When a romantic relationship ends, especially when it was an abusive one, it can be difficult to maintain a healthy co-parenting relationship with your ex. The romantic relationship may have ended, but you retain a connection with your ex because of the child you share. Christine Hammond, a Licensed Mental Health Counselor by the State of Florida, provides some much-needed advice about how to set boundaries with a dangerous ex in an article published on PsychCentral. Below, we highlight three of those methods.
1. Separate the different roles of the relationship
According to Christine Hammond, a Licensed Mental Health Counselour by the State of Florida, it is crucial to deal with each role of the relationship differently and set different boundaries for each; including the roles of being co-parents, former lovers, partners, and for the abusive side to the relationship. Setting different boundaries for each also requires different communication methods for each.
2. Protect yourself from the abuse
The abuser will abuse. To protect yourself, you must accept this fact. The abuser will say and do whatever he thinks is necessary to hurt you. You must be able to separate truth from their need to abuse and control you. The only way to do this to understand why they are saying the things they say and never accept it as fact. Understand why they are doing or saying it.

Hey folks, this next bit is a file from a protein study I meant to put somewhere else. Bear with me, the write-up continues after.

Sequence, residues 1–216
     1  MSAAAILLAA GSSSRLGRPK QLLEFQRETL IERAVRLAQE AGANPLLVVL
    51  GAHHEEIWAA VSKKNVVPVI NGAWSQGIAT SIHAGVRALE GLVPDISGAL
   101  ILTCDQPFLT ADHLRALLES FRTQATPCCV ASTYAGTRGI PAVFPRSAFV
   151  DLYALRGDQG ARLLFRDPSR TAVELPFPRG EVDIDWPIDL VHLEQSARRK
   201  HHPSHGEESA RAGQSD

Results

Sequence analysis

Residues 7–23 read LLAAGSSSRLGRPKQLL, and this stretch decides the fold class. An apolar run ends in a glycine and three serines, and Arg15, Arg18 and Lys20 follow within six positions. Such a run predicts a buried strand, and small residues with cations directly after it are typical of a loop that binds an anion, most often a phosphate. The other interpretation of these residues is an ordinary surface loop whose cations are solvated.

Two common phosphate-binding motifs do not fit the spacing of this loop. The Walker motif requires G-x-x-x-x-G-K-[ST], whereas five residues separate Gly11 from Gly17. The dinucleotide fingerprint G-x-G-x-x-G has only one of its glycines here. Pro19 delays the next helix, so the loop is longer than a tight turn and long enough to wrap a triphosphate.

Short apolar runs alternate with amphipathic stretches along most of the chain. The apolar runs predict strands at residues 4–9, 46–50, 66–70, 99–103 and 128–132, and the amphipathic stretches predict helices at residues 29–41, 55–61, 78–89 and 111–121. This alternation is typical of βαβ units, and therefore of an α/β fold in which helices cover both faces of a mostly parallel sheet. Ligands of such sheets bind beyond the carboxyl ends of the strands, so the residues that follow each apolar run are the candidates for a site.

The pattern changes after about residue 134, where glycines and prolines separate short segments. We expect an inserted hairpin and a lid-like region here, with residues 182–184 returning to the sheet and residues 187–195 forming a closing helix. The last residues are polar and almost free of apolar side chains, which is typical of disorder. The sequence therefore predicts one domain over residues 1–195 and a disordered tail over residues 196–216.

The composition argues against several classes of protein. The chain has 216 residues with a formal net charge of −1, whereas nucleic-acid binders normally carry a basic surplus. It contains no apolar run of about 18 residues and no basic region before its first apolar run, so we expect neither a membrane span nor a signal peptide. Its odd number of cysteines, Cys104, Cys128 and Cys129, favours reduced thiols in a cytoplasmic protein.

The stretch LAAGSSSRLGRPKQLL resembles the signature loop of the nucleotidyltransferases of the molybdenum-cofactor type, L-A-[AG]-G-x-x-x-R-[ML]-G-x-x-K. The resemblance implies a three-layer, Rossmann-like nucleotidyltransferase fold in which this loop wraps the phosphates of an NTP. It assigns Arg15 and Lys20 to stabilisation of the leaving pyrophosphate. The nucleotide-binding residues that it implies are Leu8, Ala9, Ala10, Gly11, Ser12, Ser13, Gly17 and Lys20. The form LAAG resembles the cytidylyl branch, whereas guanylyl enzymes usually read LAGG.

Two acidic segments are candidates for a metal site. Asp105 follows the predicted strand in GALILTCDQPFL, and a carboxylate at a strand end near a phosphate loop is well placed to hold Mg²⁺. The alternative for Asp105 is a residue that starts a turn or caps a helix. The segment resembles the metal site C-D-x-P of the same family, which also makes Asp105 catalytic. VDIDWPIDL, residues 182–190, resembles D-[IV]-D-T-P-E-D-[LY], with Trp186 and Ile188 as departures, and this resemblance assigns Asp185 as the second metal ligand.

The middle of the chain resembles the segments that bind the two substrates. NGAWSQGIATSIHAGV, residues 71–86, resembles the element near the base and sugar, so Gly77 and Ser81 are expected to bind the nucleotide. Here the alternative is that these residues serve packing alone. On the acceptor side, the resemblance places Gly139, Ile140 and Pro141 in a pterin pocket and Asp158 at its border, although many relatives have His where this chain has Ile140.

3. Plan communication
Think carefully about how you communicate with your ex, plan the communication carefully and, as advised by Hammond, slow down. Slow down “by setting time limits for conversations and discussions, planning the co-parent calls and exchanges in advance, and having another person with when engag[ing] with [your] ex in person.” Avoid “being available at the drop of a hat, responding to messages immediately, and making quick decisions.”
Coping with an abusive ex when you share a child can be emotionally draining and it can make things a lot more complicated because the abuser will always be part of your life. However, it is a process and if you can master the process of coping with an abusive ex, then you can manage the relationship positively to benefit your child and stay safe.
For more ways to set boundaries, read Hammonds’ full article here.